The story from the cafeteria on your first day of high school is so great. Sometimes these just those moments where we change our MO and it plays such a huge role in the trajectory of our lives. Can you talk to us bit about the challenges you’ve faced? I imagine it hasn’t been a smooth road? What’s the most important piece of advice you could give to a young woman just starting her career?
Is it ever a smooth ride? The big struggles for me were fear, self-esteem, hiding. I didn’t want to be seen and I felt like I wasn’t good enough and didn’t belong in this career. Those beliefs were ingrained in me for the first 14 years of my life and that’s been the belief system I’ve had to fight against to this day. But I know they are not true.
My advice is for anyone being bullied anyone who feels alone, anyone who feels they aren’t good enough, anyone who is quiet and isn’t the most “confident”. My advice is to express yourself, take up space, go for what you want and do the thing because I believe everyone deserves to be seen. Everyone is valuable simply because they exist. You have a story only you can tell, you have a lesson only you can teach. You are enough right at this moment whether your life is a mess or you’ve got your shit together.
One thing I’ve noticed in both acting and writing is that I am particularly drawn to psychological thrillers and drama. I love getting into the mind of anyone and being able to understand them. Why they are the way they are, and why they do the things they do. I’ve even been able to get into the minds of those bullies who used to pick on me and I can understand why or at least try to because I believe everyone is good. Like that Anne Frank quote, “In spite of everything, I still believe that people are really good at heart.”.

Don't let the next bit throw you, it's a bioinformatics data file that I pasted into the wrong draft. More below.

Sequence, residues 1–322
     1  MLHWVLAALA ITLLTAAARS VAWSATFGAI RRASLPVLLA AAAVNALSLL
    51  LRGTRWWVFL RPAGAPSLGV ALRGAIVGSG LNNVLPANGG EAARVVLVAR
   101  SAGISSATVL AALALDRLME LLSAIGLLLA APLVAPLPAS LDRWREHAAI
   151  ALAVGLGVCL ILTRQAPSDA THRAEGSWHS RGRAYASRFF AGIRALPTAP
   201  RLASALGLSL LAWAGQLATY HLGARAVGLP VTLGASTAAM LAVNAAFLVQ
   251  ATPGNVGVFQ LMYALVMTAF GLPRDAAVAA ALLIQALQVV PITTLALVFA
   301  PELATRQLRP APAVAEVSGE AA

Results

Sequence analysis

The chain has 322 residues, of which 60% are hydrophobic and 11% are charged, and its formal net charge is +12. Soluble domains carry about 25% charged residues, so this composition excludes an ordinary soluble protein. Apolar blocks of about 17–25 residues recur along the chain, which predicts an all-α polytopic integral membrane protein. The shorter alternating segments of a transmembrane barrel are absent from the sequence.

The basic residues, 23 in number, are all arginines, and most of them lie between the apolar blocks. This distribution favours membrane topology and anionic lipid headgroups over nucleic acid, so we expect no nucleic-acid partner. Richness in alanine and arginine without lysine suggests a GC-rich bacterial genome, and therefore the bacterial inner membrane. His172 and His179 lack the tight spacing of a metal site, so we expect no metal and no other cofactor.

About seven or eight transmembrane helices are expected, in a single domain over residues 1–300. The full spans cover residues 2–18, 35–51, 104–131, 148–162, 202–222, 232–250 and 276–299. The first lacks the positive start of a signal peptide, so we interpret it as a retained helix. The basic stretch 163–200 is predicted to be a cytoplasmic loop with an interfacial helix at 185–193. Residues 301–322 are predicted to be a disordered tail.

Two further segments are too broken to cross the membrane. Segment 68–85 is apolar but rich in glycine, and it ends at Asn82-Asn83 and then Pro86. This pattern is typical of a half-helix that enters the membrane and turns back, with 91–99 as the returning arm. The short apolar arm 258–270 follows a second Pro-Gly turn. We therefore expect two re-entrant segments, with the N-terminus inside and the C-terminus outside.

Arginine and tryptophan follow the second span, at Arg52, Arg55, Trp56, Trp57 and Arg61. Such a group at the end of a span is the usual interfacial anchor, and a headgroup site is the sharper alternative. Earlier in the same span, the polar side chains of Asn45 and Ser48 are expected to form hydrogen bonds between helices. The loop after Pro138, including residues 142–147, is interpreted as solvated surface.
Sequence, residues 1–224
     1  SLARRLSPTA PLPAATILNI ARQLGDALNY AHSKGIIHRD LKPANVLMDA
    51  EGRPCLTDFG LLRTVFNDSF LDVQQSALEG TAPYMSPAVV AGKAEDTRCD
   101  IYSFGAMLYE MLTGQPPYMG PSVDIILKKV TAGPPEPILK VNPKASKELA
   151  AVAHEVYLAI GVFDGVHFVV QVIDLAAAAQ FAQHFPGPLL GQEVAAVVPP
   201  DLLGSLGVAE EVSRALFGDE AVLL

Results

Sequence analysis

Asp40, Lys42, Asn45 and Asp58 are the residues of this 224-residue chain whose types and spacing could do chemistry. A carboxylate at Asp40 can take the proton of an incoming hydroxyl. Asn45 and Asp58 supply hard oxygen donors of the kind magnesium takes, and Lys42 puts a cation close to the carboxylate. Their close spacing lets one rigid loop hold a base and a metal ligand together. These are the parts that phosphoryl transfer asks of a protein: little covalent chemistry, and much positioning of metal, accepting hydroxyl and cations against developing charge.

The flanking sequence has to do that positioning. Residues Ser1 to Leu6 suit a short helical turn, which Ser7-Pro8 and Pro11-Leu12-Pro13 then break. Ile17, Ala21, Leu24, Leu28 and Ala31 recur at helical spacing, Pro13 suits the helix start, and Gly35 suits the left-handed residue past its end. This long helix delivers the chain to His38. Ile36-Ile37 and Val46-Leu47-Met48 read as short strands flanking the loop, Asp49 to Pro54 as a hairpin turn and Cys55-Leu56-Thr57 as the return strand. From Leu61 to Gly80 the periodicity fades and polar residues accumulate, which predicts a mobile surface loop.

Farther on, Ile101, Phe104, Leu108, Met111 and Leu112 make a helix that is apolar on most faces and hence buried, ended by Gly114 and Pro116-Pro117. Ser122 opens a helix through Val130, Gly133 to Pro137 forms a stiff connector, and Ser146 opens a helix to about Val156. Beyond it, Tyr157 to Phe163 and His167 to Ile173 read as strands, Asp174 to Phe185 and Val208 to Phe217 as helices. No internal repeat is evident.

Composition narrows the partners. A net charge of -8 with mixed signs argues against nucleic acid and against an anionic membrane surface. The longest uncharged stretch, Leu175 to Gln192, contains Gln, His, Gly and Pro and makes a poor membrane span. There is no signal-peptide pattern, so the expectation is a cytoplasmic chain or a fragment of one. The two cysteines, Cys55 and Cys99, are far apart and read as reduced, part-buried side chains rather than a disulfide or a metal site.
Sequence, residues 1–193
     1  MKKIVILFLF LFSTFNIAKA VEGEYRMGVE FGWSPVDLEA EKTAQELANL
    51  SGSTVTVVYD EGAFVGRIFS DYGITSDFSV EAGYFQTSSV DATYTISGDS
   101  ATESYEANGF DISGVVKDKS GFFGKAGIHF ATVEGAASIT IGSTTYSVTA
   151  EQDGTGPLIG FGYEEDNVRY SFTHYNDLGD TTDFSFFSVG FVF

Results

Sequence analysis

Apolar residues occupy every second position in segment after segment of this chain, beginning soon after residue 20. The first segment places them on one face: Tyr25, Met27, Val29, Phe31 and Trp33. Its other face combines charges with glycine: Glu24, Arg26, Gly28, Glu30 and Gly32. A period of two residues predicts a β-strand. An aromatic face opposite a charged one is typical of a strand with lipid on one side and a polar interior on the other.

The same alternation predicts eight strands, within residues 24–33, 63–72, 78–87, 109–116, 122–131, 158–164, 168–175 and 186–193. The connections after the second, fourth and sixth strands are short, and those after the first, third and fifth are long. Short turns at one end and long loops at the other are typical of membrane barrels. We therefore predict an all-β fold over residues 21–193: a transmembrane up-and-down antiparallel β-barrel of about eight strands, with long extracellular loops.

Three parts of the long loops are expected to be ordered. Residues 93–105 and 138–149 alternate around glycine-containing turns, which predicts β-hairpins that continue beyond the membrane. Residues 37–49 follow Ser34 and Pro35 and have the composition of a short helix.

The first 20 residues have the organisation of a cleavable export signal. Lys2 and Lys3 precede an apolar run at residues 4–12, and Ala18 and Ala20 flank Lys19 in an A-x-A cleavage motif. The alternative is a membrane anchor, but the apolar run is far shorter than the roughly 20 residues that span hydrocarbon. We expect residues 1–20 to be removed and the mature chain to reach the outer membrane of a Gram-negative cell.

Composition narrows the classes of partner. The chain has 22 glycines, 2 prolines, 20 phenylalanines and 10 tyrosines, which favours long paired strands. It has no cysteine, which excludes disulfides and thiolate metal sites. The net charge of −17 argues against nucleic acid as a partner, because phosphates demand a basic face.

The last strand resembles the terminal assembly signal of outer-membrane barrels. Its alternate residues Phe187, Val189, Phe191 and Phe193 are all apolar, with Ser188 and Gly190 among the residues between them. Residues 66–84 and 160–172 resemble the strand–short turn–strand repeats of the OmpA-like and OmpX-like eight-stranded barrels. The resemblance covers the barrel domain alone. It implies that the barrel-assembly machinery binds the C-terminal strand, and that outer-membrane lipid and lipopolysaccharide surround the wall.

Do you feel like there was something about the experiences you had growing up that played an outsized role in setting you up for success later in life?
Growing up, my mom and aunt taught me to never give up. They also taught me that I don’t need a man but that’s beside the point haha. When I moved to Los Angeles to pursue acting, I had so many people ask me, “What’s your deadline? If it doesn’t happen by (insert date), what’s your plan B?” I would respond by saying, “I don’t have one”. If you set an expiration date on your dreams, you’re just going to be waiting around for that time to come. You can’t have a deadline, especially with acting. So many actors move to LA or NY to pursue their dream and if they don’t see “success” after a few years, they give up, they move back home. If acting is truly your passion, what you want to be doing with your life, don’t give up. I’m not giving up.
It’s a process and there are times I’m auditioning four times a week and booking, and there are dry spells when it seems like nothing is happening. But this is the life I chose. This is what I want to be doing with my life, so no, I don’t have an end date. And when it comes to success, it’s all in how you measure your success. My dream is to move people with the stories I get to tell through acting, through writing, maybe even through this article. And I’m living it right now.
- Instagram: https://www.instagram.com/wandalesem/